FLOKI 6.5 mini racing yacht integrates bio-based Sicomin GreenPoxy resins

Staying true to the roots of its racing class, FLOKI 6.5 is built entirely from bio-based/recyclable raw materials without compromising on performance or processability.
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FLOKI 6.5 yacht.

All photo credit: Sicomin

On March 16, Sicomin (Châteauneuf les Martigues, France) confirmed the use of its GreenPoxy resins in the build of the sustainable Mini 6.5 class yacht, the FLOKI 6.5. Designed by Antoine Mainfray of Atelier Interface (France), a leading naval architect and bio-composite specialist who has built structures for what are said to be the world’s fastest racing yachts in the IMOCA, VOR and ULTIM classes, the 6.5-meter FLOKI showcases the latest in biocomposite materials and a cost-effective flat panel build process.

Mini 6.5 class yachts were first proposed by U.K. sailor Bob Salmon in the late 1970s as a new class of small, simple and cheap-to-build, singlehanded racing yachts that would counter the rising costs involved in the sport at the time.  Sicomin notes that even today, the biennial Mini-Transat 6.5 race, from France to the Caribbean, remains one of the most competitive ocean races and a hot bed for new design innovations and experimental composite constructions.

Staying true to the roots of the class, Antoine’s initial design concept for the FLOKI 6.5 was to focus on simplifying both the design and the build process itself, using premade infused panels shaped over frames or in a jig rather than a more expensive female mold. He was also determined that the FLOKI 6.5 should be built entirely from bio-based or recyclable raw materials.

After successful processing trials, excellent mechanicals, DNV GL-type approval (Oslo, Norway) and the support of the Sicomin technical team, the boat’s resin systems were determined. InfuGreen 810 resin was selected for the flat table infusion of the hull, deck, roof and structural panels, with Sicomin’s GreenPoxy 33 resin — which is fully compatible with a range of traditional composite fibers, fabrics and bio-based reinforcements — selected for secondary lamination of the assembled parts; both resins can be used with different hardener speeds depending on the component size and curing time required.

Bamboo textile specialist Cobratex (Carbonne, France) was selected to supply its 350gm 2 x 2 twill weave bamboo fabric for the hull, deck and roof panels, offering a negative carbon footprint. The bamboo strips act as tiny sandwich structures that absorb very little resin, enabling high reinforcement ratios in the finished laminate. With a density only half that of carbon fiber and optimized sound and vibration damping qualities, the bamboo reinforcements are said to produce a highly functional and ecological biocomposite structure. With the bamboo twill forming the primary laminates for the FLOKI 6.5, a 300gsm stitched +/-45˚ flax fiber fabric was also used for the secondary bonding and taping in the structure.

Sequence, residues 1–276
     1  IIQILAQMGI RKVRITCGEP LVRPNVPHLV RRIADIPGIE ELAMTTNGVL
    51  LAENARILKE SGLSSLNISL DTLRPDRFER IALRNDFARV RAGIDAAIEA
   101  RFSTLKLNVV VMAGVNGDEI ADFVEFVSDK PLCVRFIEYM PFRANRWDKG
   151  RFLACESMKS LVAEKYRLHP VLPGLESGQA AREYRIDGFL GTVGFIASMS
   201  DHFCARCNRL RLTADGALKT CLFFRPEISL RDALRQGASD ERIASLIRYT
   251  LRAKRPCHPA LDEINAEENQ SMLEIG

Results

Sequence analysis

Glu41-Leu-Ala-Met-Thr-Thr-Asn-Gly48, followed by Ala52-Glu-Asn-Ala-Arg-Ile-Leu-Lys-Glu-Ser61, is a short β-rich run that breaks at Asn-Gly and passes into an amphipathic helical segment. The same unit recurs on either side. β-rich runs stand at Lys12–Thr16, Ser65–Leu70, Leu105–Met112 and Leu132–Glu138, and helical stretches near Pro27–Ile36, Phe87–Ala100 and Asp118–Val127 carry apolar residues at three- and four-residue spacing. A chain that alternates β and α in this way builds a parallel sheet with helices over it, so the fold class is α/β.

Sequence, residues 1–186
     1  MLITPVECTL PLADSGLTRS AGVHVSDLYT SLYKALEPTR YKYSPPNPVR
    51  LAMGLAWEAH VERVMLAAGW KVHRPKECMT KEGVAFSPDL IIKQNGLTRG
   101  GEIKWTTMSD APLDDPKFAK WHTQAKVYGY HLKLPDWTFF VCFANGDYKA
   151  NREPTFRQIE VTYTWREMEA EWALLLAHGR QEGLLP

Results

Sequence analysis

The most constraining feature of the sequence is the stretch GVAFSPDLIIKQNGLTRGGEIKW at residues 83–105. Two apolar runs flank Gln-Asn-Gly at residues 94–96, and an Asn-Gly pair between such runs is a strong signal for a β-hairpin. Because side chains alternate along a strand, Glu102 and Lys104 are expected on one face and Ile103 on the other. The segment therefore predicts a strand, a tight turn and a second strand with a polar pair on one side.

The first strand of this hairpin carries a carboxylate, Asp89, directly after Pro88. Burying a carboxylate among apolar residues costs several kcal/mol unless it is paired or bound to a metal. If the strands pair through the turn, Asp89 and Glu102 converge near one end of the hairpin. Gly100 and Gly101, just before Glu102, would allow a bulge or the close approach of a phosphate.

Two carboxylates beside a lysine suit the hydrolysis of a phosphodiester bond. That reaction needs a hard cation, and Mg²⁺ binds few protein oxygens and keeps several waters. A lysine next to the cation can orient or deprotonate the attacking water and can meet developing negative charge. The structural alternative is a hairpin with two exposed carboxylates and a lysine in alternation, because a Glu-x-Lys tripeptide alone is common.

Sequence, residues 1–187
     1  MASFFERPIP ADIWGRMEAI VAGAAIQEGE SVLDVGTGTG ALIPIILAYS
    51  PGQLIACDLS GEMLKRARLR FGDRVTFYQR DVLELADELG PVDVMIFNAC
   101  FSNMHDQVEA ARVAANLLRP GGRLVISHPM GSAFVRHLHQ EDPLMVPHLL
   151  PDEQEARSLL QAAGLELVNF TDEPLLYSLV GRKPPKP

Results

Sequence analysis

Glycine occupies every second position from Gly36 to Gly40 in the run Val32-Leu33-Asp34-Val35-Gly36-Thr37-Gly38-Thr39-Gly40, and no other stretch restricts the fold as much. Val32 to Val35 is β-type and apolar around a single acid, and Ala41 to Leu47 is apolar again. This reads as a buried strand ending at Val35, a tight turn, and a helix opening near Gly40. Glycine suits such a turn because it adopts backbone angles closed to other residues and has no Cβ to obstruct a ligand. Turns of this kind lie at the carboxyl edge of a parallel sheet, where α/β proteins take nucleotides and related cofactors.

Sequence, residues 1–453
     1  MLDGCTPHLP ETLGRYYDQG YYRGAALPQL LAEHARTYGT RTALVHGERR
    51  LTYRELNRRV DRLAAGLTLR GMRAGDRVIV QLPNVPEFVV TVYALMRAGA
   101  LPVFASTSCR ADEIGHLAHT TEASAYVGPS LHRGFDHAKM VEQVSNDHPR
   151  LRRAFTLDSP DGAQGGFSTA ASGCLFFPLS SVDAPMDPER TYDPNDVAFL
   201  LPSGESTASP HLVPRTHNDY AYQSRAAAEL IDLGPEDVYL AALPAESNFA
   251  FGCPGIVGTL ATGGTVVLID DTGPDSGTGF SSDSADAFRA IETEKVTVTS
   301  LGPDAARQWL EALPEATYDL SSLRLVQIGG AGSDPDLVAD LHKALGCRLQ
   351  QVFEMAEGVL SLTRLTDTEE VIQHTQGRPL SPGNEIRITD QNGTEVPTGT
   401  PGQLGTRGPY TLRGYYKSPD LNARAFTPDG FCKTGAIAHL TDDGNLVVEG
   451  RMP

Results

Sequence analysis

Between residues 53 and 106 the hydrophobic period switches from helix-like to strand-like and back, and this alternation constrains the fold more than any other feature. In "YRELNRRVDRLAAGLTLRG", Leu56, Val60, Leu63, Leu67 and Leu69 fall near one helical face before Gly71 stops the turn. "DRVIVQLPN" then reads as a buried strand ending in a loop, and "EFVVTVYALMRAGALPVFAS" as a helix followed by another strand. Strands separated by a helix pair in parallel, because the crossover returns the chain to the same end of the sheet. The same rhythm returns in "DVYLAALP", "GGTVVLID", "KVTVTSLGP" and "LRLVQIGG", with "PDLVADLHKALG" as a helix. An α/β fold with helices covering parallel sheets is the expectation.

Bamboo fibers used for the FLOKI 6.5 yacht design.

Bamboo fabric used for the FLOKI 6.5 yacht design.

Maximizing the inclusion of sustainable materials onboard, sandwich panel sections of the FLOKI 6.5 use Airex AG’s (Sins, Switzerland) latest T92 PET foam formulation, said to be the first to be manufactured from post-consumer recycled PET drinks bottles. The T92 core for the project, which also features Airex’s SealX surface treatment that halves the resin uptake of the core material, was also delivered by Sicomin as part of the company’s range of complimentary products.

FLOKI 6.5 hull.

Sicomin says that because the FLOKI 6.5 was being built with a hull jig rather than a traditional plug or mold, its development could begin immediately. After the first bamboo fiber and Infugreen 810 panels were infused, hull panels were cut using CNC cut templates; dry fitting and setting up of the panel structure on the jig were implemented; the hull planks were formed on the jig and bonded in place; a secondary lamination between the hull panels was applied; the hull was lifted and flighted for a secondary lamination on the inner hull skin (planks and bulkheads, local reinforcements); the deck and cockpit panels were fitted directly to the composite structure; and the roof was bonded (the roof is made on its own jig using the same process as the hull).

Smaller components such as the yacht’s rudders were built in their own molds using a mix of bamboo and carbon fibers, along with GreenPoxy 33 resin.

Looking toward the future

Sicomin reports that the FLOKI 6.5 build is well underway at Antoine’s workshop near La Rochelle, France, with the launch and sea trials planned for April-May 2021, ready for the start of the Mini 6.5 racing season.

“We have built quite some expertise with naturals fibers and Sicomin’s bio-resins during our previous projects,” adds Antoine. “For the FLOKI 6.5 it was really important to us to have materials that didn’t compromise in terms of performance and processability, as well as being green. The GreenPoxy range delivers that performance and is so easy to work with.” 


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